Open Source Software Must Start with Secure Code


Jack Cable and Aeva Black, CISA Senior Technical Advisors

At CISA, we’re big fans of open source software. As we close out National Coding Week, we wanted to highlight the importance of open source software and our efforts to help secure it. Open source software, which is software that can be freely used, modified, and distributed by anyone, is used to accelerate development in virtually every field. Moreover, it underpins the software that supports our federal government, critical infrastructure, and organizations internationally.

For many of our cybersecurity tools and services, we develop in the open. Some of our most popular tools include Malcolm, used to analyze network traffic logs, and ScubaGear, used for assessing cloud configuration baselines.

Much like any software, the security of open source software needs to be top of mind. This is especially clear in light of vulnerabilities like Log4shell, which demonstrated just how impactful a vulnerability in a widely-used open source package could be. As we advocate for with Secure by Design, secure coding needs to be incorporated into the development process of open source software. It’s our responsibility as the government, and one of the largest users of open source software in the world, to contribute back to the security of this public good.

Our recently-published roadmap on open source software security lays out CISA’s plan to help secure the open source ecosystem. The roadmap establishes four key goals, including working hand-in-hand with the open source community, understanding open source software prevalence, reducing risks to the federal government, and strengthening the broader open source ecosystem. This includes actions to help accelerate the adoption of memory safe coding, and developing resources to help open source developers understand secure coding.

In government, we need to be good stewards of the open source software we depend on. The Department of Homeland Security recently published its updated Reusable and Open Source Software policy. The policy, in addition to establishing a default-to-open-source policy, encourages contributions from DHS employees and contractors to open source projects that we rely on. By leveraging the DHS workforce and the large amount of software development that is already underway, we can hope to bolster what we depend on.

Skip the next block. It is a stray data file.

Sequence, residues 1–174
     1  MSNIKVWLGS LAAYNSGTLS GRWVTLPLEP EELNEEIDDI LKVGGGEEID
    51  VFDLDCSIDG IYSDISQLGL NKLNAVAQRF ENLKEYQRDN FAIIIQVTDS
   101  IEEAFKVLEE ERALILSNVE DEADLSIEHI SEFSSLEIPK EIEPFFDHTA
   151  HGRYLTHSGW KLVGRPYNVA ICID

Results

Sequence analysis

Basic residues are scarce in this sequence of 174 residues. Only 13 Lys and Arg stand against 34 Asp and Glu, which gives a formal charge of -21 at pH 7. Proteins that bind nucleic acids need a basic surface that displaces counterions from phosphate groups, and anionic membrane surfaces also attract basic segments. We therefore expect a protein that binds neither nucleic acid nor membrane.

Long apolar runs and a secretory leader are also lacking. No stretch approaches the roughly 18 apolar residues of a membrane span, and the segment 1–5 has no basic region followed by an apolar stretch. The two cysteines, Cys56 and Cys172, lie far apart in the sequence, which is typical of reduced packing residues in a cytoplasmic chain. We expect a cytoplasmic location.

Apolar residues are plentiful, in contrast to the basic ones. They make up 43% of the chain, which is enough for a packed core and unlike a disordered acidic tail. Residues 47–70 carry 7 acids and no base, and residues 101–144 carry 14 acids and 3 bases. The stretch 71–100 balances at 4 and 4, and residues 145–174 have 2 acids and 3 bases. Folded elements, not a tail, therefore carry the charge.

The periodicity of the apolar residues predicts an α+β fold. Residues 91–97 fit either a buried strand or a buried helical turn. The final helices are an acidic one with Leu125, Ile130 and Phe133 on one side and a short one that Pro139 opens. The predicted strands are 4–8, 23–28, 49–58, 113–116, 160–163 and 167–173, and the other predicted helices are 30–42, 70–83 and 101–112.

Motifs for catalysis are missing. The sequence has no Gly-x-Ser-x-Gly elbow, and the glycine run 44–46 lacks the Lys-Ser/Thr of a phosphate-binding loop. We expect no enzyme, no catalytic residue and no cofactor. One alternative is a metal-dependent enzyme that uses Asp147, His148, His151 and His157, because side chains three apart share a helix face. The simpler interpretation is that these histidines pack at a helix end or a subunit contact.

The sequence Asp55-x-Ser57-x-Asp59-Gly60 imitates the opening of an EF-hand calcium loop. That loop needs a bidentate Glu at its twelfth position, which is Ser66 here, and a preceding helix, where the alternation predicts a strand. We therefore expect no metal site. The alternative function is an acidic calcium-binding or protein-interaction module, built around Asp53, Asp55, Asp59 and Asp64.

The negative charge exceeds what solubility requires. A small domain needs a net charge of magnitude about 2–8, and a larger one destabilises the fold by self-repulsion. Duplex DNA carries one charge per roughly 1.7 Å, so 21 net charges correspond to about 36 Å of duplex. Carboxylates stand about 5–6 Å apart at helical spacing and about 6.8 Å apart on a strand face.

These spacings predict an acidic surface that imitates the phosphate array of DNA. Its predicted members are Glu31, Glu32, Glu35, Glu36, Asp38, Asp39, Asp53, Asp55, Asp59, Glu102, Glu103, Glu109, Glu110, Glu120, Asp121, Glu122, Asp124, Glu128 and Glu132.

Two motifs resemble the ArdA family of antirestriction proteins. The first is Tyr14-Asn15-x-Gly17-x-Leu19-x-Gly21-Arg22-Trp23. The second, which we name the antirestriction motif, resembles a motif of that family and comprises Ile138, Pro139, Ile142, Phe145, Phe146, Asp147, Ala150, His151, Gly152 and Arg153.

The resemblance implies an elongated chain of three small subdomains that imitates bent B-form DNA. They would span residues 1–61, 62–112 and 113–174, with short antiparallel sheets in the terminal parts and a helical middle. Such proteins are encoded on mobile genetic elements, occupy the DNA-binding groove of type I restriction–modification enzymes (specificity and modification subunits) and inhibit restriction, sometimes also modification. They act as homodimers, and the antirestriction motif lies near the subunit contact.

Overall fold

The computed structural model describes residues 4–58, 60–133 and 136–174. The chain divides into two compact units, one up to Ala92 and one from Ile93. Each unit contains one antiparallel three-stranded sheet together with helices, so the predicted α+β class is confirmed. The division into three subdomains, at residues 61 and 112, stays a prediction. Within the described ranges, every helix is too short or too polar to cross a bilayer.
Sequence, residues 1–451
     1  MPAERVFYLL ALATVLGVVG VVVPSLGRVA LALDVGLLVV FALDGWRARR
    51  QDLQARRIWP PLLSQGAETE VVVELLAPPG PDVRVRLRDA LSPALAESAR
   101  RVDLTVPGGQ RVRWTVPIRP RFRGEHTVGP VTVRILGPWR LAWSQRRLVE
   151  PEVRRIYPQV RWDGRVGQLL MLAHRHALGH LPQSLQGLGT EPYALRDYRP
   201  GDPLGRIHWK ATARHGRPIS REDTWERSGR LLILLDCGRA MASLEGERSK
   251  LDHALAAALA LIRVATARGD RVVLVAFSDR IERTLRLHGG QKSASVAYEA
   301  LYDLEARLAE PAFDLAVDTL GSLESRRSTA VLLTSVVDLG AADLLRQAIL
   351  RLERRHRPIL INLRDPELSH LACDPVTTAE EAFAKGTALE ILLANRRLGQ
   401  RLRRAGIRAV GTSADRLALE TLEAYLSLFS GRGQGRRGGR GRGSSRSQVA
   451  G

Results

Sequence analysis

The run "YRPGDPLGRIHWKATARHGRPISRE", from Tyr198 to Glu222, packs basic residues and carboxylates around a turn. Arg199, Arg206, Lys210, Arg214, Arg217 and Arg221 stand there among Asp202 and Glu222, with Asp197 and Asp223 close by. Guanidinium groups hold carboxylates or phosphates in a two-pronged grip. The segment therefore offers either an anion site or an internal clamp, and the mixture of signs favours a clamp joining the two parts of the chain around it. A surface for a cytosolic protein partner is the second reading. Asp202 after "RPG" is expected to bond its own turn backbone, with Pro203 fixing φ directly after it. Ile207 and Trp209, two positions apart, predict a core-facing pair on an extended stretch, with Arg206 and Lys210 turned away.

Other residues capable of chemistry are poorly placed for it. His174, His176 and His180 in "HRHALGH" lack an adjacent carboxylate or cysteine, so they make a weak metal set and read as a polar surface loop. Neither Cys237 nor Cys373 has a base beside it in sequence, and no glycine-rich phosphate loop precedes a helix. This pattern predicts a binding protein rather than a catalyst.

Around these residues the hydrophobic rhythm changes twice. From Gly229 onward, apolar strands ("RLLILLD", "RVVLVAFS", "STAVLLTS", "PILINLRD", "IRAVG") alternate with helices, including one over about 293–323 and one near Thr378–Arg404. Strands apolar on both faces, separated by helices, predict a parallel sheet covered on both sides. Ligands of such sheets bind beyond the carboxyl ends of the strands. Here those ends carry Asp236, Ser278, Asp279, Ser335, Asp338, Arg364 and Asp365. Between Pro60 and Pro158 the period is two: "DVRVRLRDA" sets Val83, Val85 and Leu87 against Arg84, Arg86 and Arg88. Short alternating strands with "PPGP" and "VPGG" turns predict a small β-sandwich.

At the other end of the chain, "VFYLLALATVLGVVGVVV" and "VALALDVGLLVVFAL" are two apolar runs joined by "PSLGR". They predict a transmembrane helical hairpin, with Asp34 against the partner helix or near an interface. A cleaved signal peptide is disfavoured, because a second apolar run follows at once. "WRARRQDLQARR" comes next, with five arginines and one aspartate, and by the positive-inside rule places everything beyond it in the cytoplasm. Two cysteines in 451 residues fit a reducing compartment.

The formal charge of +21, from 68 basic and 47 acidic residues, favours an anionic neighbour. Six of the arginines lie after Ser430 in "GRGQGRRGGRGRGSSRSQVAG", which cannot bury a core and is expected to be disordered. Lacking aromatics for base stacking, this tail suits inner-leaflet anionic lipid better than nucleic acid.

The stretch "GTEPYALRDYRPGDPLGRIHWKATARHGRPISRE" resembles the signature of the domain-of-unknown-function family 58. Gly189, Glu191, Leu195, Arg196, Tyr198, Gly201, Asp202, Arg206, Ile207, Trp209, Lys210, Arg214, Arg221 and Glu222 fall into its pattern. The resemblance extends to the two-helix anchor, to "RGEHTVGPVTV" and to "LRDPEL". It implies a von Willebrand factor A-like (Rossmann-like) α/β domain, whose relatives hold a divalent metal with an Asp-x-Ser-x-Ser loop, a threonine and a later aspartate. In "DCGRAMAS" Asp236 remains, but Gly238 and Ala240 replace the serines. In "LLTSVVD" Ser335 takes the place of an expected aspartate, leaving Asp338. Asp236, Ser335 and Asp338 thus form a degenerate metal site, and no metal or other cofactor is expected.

There are many reasons that individuals choose to contribute to open source software, some personal and some professional. Similarly, there are different types of communities that have formed to support open source software, and the cultural norms vary between these communities. If you’re interested in contributing to open source as an individual, there are great guides out there. [1], [2], [3] Of course, secure coding should be top of mind – there’s plenty of great free resources to get a head start.[4], [5] If you’re a company that uses open source software, you might consider creating an open source program office to track and coordinate your usage of open source software, and to ensure that your developers have time to contribute back to the security and sustainability of open source projects the company depends on. [6]

Want to get involved with government efforts? Along with partners from the White House, the National Science Foundation, and the Defense Advanced Research Projects Agency, we launched a Request for Information on open source software security. Responses are due November 8 – so get them in soon! And of course, contributions to our open source projects are always welcome.

Have questions or feedback on our open source work at CISA? You can contact us at

Disclaimer of endorsement

The information and opinions contained in this document are provided "as is" and without any warranties or guarantees. Reference herein to any specific commercial entity. products, process, or service by trade name, trademark, manufacturer, or otherwise, does not constitute or imply its endorsement, recommendation, or favoring by the United States Government, and this guidance shall not be used for advertising or product endorsement purposes.